In a previous article, we took Barber's statement a step further and showed that the countries that fortify their wheat with iron appear to have significantly more chronic health issues. We also suggested that it's probably not a coincidence that low carb diets and gluten avoidance are more popular in iron fortified countries. Now we're digging a bit deeper. Did pre-modern civilizations actually thrive on true whole wheat or did they just tolerate it?

If what Barber is saying is true, then it should be relatively easy to find evidence that true whole wheat was in fact nourishing for pre-modern cultures. After all, unlike our Paleolithic ancestors, our more recent ancestors actually wrote about their foods and what effects they had on their health. From Hippocrates to Aristotle, and Avicenna to Paracelsus, all were preoccupied with the digestive processes. Secondly, we figured that we should be able to find evidence of Barber's hypothesis as we transitioned to modern milling practices.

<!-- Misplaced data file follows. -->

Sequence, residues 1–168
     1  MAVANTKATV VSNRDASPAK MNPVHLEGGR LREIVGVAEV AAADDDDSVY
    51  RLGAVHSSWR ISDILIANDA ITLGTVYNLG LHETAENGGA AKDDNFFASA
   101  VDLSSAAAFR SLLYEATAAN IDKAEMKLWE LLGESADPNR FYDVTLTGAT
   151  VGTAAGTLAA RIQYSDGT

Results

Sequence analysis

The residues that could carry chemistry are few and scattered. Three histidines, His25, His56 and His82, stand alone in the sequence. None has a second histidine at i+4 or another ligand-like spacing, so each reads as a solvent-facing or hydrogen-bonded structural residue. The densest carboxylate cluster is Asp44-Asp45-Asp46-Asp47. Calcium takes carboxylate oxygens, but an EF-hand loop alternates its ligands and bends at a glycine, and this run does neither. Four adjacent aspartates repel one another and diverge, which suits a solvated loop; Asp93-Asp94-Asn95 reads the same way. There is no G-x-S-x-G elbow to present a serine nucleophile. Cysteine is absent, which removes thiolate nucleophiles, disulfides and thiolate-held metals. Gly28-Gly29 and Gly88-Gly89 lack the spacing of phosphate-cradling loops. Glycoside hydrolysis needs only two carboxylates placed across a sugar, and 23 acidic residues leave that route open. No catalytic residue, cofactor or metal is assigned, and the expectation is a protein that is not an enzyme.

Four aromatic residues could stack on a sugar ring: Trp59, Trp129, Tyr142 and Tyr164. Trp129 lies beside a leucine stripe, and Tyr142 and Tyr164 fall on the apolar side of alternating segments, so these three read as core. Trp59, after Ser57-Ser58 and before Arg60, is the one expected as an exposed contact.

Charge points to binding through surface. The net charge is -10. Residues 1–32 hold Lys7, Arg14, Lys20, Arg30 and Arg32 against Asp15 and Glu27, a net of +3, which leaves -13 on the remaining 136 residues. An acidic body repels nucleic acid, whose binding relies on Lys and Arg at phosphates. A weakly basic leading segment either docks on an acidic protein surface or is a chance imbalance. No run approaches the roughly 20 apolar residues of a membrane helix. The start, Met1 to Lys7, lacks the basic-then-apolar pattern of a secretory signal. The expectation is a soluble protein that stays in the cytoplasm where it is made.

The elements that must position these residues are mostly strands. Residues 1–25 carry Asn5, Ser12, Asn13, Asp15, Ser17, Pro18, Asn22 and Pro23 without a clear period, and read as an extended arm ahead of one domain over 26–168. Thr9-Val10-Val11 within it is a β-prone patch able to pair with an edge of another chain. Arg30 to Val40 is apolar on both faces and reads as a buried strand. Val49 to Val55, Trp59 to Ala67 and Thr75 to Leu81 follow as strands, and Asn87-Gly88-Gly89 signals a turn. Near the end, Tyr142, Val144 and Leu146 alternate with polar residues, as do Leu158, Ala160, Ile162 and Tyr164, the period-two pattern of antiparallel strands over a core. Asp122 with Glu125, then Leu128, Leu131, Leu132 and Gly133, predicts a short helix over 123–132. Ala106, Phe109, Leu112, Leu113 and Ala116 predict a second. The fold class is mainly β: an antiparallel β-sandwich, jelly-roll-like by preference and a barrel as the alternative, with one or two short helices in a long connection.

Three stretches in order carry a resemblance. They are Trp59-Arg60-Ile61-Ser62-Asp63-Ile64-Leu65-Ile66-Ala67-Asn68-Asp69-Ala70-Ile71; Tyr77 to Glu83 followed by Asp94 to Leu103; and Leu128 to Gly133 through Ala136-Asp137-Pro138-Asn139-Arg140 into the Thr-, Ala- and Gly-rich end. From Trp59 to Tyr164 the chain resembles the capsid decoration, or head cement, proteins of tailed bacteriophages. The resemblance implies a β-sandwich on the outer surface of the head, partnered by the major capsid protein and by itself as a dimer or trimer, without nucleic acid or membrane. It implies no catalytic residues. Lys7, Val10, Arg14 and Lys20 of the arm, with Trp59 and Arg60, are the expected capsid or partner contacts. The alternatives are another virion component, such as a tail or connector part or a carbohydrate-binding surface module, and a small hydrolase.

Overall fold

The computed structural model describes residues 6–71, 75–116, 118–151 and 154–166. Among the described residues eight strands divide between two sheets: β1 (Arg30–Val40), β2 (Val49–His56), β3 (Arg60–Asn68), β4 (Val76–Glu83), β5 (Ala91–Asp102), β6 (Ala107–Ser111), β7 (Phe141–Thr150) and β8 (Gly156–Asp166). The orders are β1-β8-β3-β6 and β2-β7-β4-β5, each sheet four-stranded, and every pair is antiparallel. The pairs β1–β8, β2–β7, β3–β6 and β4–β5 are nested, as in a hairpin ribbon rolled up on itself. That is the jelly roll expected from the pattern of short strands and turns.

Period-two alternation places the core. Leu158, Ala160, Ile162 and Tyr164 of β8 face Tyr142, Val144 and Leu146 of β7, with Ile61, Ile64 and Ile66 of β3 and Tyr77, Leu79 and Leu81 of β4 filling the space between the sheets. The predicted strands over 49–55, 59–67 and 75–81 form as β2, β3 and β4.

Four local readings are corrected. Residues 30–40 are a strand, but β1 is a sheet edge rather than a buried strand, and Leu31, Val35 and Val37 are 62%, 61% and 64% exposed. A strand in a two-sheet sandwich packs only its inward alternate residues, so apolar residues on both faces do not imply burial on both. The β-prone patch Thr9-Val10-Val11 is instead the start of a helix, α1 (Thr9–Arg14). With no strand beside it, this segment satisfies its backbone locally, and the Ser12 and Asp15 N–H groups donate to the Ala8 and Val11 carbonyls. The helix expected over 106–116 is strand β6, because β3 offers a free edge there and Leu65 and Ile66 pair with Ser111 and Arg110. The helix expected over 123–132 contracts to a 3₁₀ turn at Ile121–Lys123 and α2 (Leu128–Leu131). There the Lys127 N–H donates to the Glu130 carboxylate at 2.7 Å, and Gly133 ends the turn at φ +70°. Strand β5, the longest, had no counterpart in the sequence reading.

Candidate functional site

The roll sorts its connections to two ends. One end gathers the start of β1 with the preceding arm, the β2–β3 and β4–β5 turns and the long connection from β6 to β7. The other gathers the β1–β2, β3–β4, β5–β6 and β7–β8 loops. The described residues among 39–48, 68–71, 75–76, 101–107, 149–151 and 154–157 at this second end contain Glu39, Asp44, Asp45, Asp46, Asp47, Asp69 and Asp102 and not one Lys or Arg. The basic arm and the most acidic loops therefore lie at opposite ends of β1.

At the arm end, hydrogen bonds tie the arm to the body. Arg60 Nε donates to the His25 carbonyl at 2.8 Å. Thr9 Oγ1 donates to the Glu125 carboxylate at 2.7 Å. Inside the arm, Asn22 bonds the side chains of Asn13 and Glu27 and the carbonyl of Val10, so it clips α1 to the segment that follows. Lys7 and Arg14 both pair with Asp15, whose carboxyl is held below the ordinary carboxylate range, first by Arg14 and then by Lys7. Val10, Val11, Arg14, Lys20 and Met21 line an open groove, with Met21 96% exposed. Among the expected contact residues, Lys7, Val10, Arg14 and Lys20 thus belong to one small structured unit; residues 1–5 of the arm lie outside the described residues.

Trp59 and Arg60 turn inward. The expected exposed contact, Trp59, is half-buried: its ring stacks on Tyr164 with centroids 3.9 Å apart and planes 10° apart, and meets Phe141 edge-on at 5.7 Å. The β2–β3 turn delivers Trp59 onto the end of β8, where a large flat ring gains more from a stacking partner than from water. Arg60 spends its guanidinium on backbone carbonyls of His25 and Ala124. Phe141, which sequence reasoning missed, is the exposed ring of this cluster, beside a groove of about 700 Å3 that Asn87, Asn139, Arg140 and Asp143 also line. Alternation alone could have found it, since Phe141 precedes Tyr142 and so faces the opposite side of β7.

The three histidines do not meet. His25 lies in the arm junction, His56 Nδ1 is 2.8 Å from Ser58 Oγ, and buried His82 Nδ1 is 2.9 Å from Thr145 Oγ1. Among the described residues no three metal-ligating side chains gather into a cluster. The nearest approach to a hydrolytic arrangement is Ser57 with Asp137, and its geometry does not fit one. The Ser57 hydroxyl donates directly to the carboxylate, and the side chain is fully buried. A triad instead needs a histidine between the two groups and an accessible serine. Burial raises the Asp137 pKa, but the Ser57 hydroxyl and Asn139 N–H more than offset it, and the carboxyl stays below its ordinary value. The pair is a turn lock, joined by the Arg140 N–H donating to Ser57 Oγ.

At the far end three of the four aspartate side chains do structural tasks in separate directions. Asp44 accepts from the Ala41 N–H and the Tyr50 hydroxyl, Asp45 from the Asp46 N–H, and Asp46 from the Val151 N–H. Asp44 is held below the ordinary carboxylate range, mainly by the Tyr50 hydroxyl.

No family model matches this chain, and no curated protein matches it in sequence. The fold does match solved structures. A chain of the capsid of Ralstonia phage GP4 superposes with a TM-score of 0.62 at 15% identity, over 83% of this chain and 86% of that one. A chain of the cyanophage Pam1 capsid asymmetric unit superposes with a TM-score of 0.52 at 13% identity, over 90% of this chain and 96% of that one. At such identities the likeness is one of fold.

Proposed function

The first breads appeared about 30,000 years ago. It's not difficult to find evidence that wheat was highly regarded in the Ancient world. The word cereal comes from the name for the ancient Roman goddess, Ceres—the goddess of grains and agriculture. Ceres was said to have discovered wheat, and given the gift of agriculture to humankind. According to the mythology, prior to agriculture, man had subsisted on acorns, and wandered without settlement or laws. Indeed, our ancient ancestors worshiped their wheat and believed that it was responsible for the rise of civilization. Perhaps this isn't surprising; never before was there a food that could grow human populations exponentially.

Emmer was the dominant wheat through the Neolithic, while barley was an early companion cereal. Einkhorn wheat was a weedy cultivar—a minor admixture, that was adopted much later—and was said to make a miserable bread. It was best consumed as a porridge. Later came common bread wheat, which the Romans adopted after having long relied on Emmer. The origin of spelt wheat is unknown, but appears to have entered much later as a naturally occurring hybrid of early wheats. Rye was a wild minor admixture that later became cultivated in its own right.